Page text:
Blog post

Notes on Analyst Value for Vendors

By Anton Chuvakin | June 05, 2019 | 0 Comments

Here is another post vaguely related to analyst craft. And it is about a touchy subject – vendor perception of (industry | market | technology) analyst value. As an aside, I’ve always considered myself “a technology analyst” rather than a market one…

Here is what some security vendors think of the value of analyst relationship (let’s just say Gartner relationship here, for simplicity sake):

  • An opportunity to beg an analyst to move the location of their dot on the Magic Quadrant a bit up and to the right.

Here is what the reality is [and, coincidentally what the enlightened security vendors know to be true]:

  • Gather aggregated data from enterprise security teams that can be used for vendor’s product planning
  • See a view of customer problems and how they are using products from different categories and vendors to solve them
  • Obtain an independent “in the trenches” view of product requirements that they can factor into their pitch and marketing storytelling
  • Receive analyst advice useful for multi-year roadmap planning based on long-term security architecture projects analysts see running at clients
  • Get product development and product architecture advice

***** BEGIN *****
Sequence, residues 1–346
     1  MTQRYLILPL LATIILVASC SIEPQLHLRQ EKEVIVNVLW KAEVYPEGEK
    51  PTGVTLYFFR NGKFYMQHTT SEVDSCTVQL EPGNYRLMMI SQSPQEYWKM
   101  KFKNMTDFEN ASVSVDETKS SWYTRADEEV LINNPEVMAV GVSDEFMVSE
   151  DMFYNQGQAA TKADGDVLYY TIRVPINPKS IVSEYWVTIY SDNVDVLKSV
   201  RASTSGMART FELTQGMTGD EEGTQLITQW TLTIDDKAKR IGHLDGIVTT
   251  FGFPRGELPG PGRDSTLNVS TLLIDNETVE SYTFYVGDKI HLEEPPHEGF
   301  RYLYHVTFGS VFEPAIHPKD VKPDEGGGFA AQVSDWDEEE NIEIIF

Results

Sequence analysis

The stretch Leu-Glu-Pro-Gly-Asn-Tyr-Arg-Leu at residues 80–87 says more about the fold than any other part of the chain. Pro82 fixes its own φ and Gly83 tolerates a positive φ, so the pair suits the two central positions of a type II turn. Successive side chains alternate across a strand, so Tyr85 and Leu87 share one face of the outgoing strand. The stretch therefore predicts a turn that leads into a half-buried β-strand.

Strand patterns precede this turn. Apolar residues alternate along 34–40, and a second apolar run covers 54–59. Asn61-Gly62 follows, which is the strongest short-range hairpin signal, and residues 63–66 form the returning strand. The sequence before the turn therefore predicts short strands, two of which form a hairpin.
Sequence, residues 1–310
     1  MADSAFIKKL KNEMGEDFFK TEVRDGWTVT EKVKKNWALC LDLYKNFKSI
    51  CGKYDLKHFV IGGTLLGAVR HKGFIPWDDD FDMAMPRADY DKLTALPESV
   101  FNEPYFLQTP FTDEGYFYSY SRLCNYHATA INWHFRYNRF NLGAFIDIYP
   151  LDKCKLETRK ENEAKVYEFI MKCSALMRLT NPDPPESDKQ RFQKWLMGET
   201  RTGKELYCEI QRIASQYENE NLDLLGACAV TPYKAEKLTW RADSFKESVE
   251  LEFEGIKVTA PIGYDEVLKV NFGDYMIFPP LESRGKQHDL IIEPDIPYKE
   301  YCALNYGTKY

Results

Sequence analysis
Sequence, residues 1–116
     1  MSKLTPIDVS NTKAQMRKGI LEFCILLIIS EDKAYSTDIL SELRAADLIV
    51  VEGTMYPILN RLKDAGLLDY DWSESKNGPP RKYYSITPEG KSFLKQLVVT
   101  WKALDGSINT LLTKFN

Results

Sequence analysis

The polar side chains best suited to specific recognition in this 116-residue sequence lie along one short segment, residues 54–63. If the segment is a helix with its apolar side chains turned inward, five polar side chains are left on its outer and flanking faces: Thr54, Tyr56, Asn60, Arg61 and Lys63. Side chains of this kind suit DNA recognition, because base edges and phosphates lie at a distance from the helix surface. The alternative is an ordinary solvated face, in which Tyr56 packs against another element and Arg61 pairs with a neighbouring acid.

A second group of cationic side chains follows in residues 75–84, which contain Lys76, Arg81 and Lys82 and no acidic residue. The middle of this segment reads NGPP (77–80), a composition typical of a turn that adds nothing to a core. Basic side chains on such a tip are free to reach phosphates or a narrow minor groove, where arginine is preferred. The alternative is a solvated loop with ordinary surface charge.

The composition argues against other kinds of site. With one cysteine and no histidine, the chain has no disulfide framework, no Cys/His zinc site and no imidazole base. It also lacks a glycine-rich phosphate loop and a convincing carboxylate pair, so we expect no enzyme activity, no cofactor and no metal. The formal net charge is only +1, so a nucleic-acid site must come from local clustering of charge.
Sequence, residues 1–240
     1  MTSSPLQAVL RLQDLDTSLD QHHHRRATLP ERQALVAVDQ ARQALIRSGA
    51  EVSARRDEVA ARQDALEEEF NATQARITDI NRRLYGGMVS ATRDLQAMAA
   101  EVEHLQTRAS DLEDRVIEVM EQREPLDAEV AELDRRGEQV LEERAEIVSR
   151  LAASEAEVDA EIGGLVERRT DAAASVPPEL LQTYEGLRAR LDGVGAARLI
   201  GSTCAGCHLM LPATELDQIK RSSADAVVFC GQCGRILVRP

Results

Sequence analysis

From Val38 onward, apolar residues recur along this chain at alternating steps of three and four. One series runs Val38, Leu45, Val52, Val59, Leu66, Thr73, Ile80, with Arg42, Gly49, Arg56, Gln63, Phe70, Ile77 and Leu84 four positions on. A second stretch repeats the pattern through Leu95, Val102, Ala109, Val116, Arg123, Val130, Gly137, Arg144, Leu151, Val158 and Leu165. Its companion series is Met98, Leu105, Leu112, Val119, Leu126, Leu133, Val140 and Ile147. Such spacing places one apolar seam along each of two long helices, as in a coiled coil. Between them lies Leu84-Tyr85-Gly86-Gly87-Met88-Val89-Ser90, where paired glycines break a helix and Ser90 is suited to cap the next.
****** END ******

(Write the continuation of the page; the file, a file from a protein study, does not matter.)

• Conduct comparative technology roadmap discussions focused on serving the needs of the professionals who will operate their product
  • Procure advice on technical support for product evaluations and POC deployments
  • Hear unbiased criticism of product capabilities and plans, based on real field studies by customers
  • Test the messaging and obtain feedback (sometimes harsh, but always useful feedback) on their messaging, from use case descriptions to whitepapers and decks
  • Learn what advice the analyst gives enterprise clients about this vendor’s tool category (e.g. operational practices, etc)

[this is based on the notes I’ve compiled over the years, and now I suddenly feel like sharing this]

If you find it useful, you can buy me a beer later. Or a Gartner subscription for yourself. Ideally, both 🙂

Other posts related to analyst craft:

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